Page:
In this framework, there is assumed to be a limited pie of money, resources, or notoriety, and it’s up to each individual to scramble for their small slice.
But more and more scholars, editors ,and publishers are rejecting scarcity as the value that we want to organize our intellectual and professional lives and are instead building models for collective thought and action that are organized around abundance.
Those of us in the interdisciplines—those academic fields that emerged from and are responsible to movements for social justice—have always known difference as an abundant source of creativity, power and fecundity.
We know why interdisciplinarity helps ideas grow bigger and better than a single academic field can contain.
Centering abundance in the ways that we show up in our scholarly and editorial endeavors can shift what we think is possible.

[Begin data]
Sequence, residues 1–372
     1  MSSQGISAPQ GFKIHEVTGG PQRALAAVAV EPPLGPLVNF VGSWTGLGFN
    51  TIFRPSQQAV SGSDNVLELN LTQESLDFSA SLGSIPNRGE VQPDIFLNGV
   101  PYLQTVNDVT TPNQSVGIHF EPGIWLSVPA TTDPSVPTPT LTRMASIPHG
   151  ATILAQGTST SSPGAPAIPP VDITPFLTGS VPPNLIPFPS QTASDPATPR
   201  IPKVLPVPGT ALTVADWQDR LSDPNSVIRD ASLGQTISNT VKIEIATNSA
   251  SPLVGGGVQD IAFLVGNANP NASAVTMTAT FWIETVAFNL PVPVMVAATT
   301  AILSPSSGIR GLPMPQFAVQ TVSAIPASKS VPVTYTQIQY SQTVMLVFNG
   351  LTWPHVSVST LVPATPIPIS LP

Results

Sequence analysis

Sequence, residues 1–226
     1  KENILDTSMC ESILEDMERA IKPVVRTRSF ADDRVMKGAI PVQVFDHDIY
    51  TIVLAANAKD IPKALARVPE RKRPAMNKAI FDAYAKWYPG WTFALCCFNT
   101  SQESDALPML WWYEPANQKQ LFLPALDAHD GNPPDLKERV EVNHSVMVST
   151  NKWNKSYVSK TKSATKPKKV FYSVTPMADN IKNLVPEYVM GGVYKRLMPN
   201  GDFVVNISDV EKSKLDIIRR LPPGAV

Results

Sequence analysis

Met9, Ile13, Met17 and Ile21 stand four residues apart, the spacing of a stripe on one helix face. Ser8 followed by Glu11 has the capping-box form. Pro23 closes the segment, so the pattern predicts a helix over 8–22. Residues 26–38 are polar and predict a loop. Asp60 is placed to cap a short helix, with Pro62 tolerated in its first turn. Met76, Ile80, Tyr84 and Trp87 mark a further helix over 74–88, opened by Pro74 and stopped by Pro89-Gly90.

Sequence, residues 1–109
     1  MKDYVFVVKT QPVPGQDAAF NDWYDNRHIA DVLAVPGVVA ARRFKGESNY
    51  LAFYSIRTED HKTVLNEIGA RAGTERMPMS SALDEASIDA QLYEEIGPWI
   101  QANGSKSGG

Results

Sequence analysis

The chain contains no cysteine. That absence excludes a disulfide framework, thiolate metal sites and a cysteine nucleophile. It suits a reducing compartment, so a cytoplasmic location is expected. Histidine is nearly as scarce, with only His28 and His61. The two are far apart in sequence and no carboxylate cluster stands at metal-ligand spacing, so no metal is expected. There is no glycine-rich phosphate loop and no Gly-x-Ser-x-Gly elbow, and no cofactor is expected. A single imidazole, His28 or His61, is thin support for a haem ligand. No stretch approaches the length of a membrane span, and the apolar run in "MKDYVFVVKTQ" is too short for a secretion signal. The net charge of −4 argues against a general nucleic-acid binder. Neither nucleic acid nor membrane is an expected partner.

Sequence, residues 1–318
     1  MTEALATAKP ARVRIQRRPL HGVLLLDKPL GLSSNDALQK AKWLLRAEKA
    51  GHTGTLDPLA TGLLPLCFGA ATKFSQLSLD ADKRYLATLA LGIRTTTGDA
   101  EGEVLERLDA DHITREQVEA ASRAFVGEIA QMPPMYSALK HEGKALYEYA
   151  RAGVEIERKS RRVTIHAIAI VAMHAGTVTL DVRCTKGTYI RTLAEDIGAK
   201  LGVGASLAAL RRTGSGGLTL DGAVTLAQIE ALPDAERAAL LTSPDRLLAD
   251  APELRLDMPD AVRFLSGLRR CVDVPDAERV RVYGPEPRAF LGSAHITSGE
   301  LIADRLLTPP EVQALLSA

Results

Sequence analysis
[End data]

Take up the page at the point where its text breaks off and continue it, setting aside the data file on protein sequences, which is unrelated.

For instance, what would an abundant approach to writing feel like as a daily practice? How might viewing our research projects as emerging from collective brilliance transform our models for academic publishing? And how would our classroom shift if we understood students as fellow theorists of our shared world?
My guest today on the show is filmmaker and scholar Mark Villegas, who has built his career foregrounding the power of collective abundance. Highlighting the strength, inspiration, and generosity that emerges from collaboration, his endeavors illustrate the transformations that take place when diverse ideas and cultural traditions are brought together.
In our conversation, Mark and I chat about why multiracial, transnational, and cross-generational hip-hop cultures have been such a vibrant model of political and artistic abundance. Mark explains how his new book Manifest Technique traces these genealogies as well as the ways that Filipino American DJs and cultural producers use hip-hop to theorize transition and resist colonial legacies.
We also talk about the new communication strategies and gathering practices that Brown and Black hip-hop communities have developed during COVID-19 and we discuss how they can serve as models for life beyond the pandemic